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Woerner v. Fram Group Operations, LLC

United States District Court, Third Circuit

April 29, 2013

LOU ANN WOERNER, as the beneficiary of Michael J. Woerner, Plaintiff,


STANLEY R. CHESLER, District Judge.

This matter comes before the Court on the motion by Defendant Eric Schueneman to dismiss the claims against him pursuant to Federal Rule of Civil Procedure 12(b)(6). (Docket Entry 7) Plaintiff Lou Ann Woerner has opposed the motion. (Docket Entry 16) The Court will rule on the papers submitted, and without oral argument. See Fed.R.Civ.P. 78. For the reasons that follow, the Court will grant the motion in part and deny it in part.


In July 2010, Plaintiff Lou Ann Woerner's husband, Michael J. Woerner, was diagnosed with brain cancer. At the time of his diagnosis, Mr. Woerner worked for Honeywell and participated in the company's ERISA-covered benefits plans. In January 2011, Honeywell agreed to sell the business unit employing Mr. Woerner to Defendant FRAM. This sale closed on July 29, 2011, about a month after Mr. Woerner took a leave of disability from work. The Woerners were concerned that the sale would adversely affect Mr. Woerner's employee benefits and insurance coverages, and they actively sought information from both Honeywell and FRAM. At some point, the Woerners were told that they would have to speak with FRAM's Director of Compensation, Benefits, and HRIS, Defendant Eric Schueneman.

The Woerners initially had difficulty reaching Schueneman, and when they did, they were told that the information they sought was not yet available. The Woerners continued to seek information, by phone and email, from Honeywell, FRAM, and Schueneman about how the sale might affect Mr. Woerner's benefits. During this time, the Woerners were given the impression that Mr. Woerner would be eligible for life insurance through FRAM. Plaintiff points to a conversation she had with Schueneman on or about December 5, 2011, in which Schueneman indicated that he was "sure" Mr. Woerner could enroll in FRAM's life insurance plan.

On December 7, 2011, the Woerners made their benefits and insurance coverage elections for 2012. Mr. Worerner elected to enroll in a $297, 000 basic life insurance policy and a $198, 000 voluntary life insurance policy. Both had effective dates of January 1, 2012, and named Plaintiff as beneficiary. Mr. Woerner received written confirmation of his "enrolled" status and life insurance converage.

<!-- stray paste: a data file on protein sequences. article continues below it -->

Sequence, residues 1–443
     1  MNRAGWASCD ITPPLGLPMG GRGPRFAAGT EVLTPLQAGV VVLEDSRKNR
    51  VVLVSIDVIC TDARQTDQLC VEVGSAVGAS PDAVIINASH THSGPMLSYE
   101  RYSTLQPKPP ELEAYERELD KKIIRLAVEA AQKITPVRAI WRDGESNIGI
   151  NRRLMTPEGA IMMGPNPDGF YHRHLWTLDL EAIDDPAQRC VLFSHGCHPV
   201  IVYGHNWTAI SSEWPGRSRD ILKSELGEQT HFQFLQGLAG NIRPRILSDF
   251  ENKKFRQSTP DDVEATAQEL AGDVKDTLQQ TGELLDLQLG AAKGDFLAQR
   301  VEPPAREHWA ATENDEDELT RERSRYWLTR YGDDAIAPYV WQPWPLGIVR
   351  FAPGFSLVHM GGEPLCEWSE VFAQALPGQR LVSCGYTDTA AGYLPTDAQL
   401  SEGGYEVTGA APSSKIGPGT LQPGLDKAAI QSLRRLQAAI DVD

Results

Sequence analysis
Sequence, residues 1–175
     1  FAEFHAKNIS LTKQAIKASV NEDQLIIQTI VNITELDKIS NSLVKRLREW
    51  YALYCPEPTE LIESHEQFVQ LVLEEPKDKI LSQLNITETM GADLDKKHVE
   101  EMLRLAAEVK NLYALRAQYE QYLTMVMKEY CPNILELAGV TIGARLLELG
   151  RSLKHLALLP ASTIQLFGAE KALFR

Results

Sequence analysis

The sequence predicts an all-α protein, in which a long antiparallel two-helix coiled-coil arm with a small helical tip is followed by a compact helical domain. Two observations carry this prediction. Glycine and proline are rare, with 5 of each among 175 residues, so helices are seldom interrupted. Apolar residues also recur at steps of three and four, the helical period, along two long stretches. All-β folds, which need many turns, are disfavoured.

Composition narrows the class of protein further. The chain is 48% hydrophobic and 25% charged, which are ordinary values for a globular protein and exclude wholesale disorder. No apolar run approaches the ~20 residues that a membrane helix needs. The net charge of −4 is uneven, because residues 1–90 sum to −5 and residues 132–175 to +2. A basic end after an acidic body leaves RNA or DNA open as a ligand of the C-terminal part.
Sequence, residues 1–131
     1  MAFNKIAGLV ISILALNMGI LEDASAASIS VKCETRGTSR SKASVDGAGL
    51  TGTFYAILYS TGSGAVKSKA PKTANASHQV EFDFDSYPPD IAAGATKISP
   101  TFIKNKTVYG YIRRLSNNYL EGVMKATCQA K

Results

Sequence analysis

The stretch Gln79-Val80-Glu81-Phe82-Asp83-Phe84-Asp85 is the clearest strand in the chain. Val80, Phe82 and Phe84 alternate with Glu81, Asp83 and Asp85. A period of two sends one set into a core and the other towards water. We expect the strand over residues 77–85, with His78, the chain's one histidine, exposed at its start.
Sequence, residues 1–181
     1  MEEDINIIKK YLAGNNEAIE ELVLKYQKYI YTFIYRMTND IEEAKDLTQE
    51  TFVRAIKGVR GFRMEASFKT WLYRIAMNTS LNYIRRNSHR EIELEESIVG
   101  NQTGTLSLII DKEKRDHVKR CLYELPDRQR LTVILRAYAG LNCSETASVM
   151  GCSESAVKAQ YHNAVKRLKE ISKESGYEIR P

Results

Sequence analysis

Mr. Woerner's voluntary life insurance policy required a monthly contribution of $16.91, and in January, 2012, the Woerners noticed that premium contributions were not being automatically deducted from Mr. Woerner's compensation. Plaintiff emailed Schueneman to discuss this and other issues but received no response. After repeated attempts, Plaintiff reached Schueneman by telephone in mid to late January 2012. Schueneman told Plaintiff not to worry, that the Woerners were covered, and that letters would be going out to explain how to make premium contributions by check. The Woerners never received such a letter.

Plaintiff alleges, upon information and belief, that around this time, Schueneman learned that it might be necessary for Mr. Woerner to attend work for a day in order to become eligible for life insurance benefits. Schueneman never shared this information with the Woerners.

Mr. Woerner passed away on February 24, 2012. After a number of unsuccessful attempts to get information from Schueneman about the pay out on Mr. Woerner's life insurance policy, Plaintiff spoke directly with the insurance company, who disclosed that Mr. Woerner was not covered at the time of his death.

Plaintiff has brought suit against both FRAM and Schueneman, alleging five separate counts under the Employee Retirement Income Security Act of 1974 ("ERISA"), 29 U.S.C. ยง 1002, et seq.[1] Plaintiff seeks a constructive trust and other equitable relief.


A. Standard of Review

A complaint will survive a motion under Rule 12(b)(6) if it states "sufficient factual allegations, accepted as true, to state a claim for relief that is plausible on its face.'" Ashcroft v. Iqbal , 129 S.Ct. 1937, 1949 (2009) (quoting Bell Atlantic Corp. v. Twombly , 550 U.S. 544, 570 (2007)). The Third Circuit, following Twombly and Iqbal, has held that Rule 8(a) "requires not merely a short and plain statement, but instead mandates a statement showing that the pleader is entitled to relief.'" Phillips v. County of Allegheny , 515 F.3d 224, 234 (3d Cir. 2008). In a Rule 12(b)(6) motion, the Court is limited in its review to a few basic documents: the complaint, exhibits attached to the complaint, matters of public record, and ...

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